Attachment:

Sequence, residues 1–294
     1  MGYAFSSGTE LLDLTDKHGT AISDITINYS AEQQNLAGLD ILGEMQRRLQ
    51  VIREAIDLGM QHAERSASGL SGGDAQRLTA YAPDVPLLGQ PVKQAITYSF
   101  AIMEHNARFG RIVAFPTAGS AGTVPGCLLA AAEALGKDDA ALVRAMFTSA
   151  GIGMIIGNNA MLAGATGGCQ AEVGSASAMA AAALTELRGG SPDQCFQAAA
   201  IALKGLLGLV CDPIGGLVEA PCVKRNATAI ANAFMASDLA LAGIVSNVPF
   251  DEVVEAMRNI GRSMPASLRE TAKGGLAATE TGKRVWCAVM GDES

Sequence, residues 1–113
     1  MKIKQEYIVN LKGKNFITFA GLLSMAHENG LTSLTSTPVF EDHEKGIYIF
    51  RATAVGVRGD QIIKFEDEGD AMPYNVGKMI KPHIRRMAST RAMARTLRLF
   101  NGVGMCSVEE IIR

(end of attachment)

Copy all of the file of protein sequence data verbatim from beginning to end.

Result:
Sequence, residues 1–294
     1  MGYAFSSGTE LLDLTDKHGT AISDITINYS AEQQNLAGLD ILGEMQRRLQ
    51  VIREAIDLGM QHAERSASGL SGGDAQRLTA YAPDVPLLGQ PVKQAITYSF
   101  AIMEHNARFG RIVAFPTAGS AGTVPGCLLA AAEALGKDDA ALVRAMFTSA
   151  GIGMIIGNNA MLAGATGGCQ AEVGSASAMA AAALTELRGG SPDQCFQAAA
   201  IALKGLLGLV CDPIGGLVEA PCVKRNATAI ANAFMASDLA LAGIVSNVPF
   251  DEVVEAMRNI GRSMPASLRE TAKGGLAATE TGKRVWCAVM GDES

Sequence, residues 1–113
     1  MKIKQEYIVN LKGKNFITFA GLLSMAHENG LTSLTSTPVF EDHEKGIYIF
    51  RATAVGVRGD QIIKFEDEGD AMPYNVGKMI KPHIRRMAST RAMARTLRLF
   101  NGVGMCSVEE IIR